It’s important to consider consent. What it means to give consent is integral to discussions on sexual assault and healthy sexuality, and beyond that, every day situations require consent.
Everyone has the right to existing, including sexuality without violence and coercion, and much contemporary discourse on consent is beginning to focus on enthusiastic consent as a positive step.
What is Consent?
Consent and open communication should be the basis for every interpersonal and sexual encounter, and means that both partners want to participate in an activity.
Consent is transient.
Consent to one activity does not obligate you to consent to other activities, just as consent on one occasion does not obligate you to consent on other occasions. It’s crucial to understand that consent can be revoked at any time if you do not want to go any further, or if you change your mind.
Consent is a mutual verbal, physical, and emotional agreement that happens without manipulation, threats, or head games. Consent is a whole body experience. It is not just a verbal “yes” or “no” – it involves paying attention to your partner as a person and checking in with physical and emotional cues as well. Consent is also mutual (both people have to agree) and must be continuous. You can stop at any time, you can change your mind, and just because you said yes to one thing doesn’t mean you have consented to anything else.
While previously many people have thought about consent as the absence of saying ‘no’, this emphasis is outdated – and, many experts suggest, dangerous. When we define consent in terms of someone’s ability to say no, we set parameters that do not include people who are unable to say no for whatever reason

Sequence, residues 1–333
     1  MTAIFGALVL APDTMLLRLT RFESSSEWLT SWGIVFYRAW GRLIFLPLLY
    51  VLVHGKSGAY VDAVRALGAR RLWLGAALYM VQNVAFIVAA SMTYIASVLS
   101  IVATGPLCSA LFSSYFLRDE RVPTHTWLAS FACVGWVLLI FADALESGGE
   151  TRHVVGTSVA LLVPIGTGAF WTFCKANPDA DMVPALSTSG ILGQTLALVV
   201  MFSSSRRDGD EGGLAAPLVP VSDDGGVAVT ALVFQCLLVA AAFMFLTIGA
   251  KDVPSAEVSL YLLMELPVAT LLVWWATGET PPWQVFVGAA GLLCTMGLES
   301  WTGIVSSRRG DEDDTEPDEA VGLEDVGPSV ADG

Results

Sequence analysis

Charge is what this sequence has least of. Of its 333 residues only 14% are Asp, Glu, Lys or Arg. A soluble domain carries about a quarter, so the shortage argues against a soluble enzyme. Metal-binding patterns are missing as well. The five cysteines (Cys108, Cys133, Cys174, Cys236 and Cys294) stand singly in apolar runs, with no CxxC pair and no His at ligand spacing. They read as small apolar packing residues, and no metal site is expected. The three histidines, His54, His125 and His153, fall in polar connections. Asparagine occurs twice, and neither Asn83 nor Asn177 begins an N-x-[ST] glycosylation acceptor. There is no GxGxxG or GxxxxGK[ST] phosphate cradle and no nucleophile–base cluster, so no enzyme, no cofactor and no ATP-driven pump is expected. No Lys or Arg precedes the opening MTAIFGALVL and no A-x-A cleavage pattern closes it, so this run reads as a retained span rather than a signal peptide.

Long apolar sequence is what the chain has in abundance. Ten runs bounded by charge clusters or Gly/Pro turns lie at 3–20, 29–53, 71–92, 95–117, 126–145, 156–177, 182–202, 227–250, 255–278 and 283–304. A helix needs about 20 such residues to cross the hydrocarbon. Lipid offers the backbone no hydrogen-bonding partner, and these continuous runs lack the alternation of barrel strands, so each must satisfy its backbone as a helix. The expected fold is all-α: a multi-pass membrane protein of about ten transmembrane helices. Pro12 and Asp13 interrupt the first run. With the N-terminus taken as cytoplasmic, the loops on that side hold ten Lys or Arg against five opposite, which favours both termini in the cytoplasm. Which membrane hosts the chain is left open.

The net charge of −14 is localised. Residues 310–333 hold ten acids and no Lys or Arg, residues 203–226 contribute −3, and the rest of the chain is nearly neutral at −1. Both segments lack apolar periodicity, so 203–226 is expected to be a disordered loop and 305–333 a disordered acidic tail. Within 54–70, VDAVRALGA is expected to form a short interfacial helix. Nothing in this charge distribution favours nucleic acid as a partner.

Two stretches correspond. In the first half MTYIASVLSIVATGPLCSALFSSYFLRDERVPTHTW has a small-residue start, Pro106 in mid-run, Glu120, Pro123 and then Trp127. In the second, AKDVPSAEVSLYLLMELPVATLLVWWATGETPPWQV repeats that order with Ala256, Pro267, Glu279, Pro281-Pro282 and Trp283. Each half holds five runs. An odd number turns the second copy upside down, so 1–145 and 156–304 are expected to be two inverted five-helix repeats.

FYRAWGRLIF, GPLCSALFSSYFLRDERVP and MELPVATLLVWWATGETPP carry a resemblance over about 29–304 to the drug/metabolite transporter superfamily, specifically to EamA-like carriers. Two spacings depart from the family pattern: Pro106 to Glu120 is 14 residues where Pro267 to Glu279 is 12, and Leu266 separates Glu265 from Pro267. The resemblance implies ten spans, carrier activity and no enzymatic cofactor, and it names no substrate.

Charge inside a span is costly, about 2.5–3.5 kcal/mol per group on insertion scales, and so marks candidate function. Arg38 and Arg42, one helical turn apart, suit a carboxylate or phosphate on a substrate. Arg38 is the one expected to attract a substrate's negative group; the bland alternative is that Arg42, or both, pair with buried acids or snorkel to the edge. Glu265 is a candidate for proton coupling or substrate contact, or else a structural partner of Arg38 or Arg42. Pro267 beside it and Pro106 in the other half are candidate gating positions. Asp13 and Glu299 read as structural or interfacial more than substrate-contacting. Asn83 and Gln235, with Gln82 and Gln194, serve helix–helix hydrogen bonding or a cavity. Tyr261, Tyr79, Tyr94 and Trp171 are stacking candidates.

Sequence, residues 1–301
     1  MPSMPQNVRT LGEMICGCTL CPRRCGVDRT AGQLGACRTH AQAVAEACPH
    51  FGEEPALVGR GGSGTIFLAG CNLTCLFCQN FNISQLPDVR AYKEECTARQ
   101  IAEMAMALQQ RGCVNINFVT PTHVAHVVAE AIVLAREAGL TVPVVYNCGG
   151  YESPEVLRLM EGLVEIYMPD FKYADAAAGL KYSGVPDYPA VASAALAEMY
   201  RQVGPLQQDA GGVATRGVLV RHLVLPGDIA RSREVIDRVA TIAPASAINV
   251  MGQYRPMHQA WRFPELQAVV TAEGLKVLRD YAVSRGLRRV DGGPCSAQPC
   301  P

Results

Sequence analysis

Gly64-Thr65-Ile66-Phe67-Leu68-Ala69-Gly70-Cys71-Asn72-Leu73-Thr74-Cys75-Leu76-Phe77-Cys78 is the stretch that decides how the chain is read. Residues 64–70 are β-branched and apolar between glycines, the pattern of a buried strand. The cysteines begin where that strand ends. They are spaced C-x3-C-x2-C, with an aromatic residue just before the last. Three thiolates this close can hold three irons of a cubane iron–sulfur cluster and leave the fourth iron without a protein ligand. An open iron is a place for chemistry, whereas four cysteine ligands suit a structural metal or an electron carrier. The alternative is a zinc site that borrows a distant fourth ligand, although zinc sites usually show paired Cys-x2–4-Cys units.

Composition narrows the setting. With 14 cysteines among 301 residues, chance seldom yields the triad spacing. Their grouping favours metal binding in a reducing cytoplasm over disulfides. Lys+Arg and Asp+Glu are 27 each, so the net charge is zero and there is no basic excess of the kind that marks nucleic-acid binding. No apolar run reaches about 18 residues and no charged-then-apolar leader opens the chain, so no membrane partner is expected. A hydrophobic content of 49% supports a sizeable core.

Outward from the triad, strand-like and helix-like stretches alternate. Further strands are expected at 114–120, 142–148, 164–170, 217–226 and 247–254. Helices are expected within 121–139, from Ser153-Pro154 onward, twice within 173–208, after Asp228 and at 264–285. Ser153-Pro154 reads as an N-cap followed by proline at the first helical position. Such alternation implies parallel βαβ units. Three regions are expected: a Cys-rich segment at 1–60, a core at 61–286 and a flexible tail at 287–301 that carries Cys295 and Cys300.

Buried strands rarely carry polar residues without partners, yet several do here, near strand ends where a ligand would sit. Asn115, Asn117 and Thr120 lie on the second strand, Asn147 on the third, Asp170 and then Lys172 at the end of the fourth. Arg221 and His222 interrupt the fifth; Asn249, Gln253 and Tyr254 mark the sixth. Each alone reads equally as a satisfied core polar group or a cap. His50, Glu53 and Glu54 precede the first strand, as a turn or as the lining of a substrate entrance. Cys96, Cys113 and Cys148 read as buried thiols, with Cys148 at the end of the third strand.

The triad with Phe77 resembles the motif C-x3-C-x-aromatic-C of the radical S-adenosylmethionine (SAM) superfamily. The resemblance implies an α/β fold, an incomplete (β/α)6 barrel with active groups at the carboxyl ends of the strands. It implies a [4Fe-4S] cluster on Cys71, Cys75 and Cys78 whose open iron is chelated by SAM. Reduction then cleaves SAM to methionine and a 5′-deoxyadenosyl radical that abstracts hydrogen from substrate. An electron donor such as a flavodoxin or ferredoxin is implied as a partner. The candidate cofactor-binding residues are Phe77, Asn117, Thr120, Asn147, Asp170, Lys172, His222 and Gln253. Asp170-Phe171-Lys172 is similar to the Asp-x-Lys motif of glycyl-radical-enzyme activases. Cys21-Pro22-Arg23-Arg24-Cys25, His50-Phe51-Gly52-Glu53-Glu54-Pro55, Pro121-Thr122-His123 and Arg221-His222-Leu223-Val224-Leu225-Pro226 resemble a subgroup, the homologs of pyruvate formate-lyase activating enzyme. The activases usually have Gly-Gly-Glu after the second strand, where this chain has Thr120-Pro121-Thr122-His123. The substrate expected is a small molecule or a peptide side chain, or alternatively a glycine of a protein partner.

Their inability to say no is not the same as consent. Which is why many are turning towards the idea of enthusiastic consent – which means getting a positive and definitive YES as opposed to a no – as a more sex-positive, inclusive and healthy definition.
The idea of enthusiastic consent advocates for enthusiastic agreement to sexual activity, as opposed to passive agreement the concept also requires that consent be given to each sexual activity, meaning that saying yes to one thing does not mean consent to another.
The idea is to be respectful of your own physical and sexual autonomy, as well as your partner’s. It highlights that an unsure or hesitant yes is not enthusiastic consent, and needs to be considered.
Expanding the Definitions of Consent
There are situations that can't necessarily offer enthusiastic consent, for example in sex work.
In these cases, I believe it's important to recognise what consent looks like in terms of negotiation, transaction, and the terms of consent.
As an example, purchasing the services of a sex worker purchases you their time, but not a right to their body at all- that is something that they can negotiate, consent, and withdraw consent if they choose always.
This also brings up the discussion of privilege, and how certain situations might be appearing to be consensual but are in actual fact exploitative.
We need to have these conversations.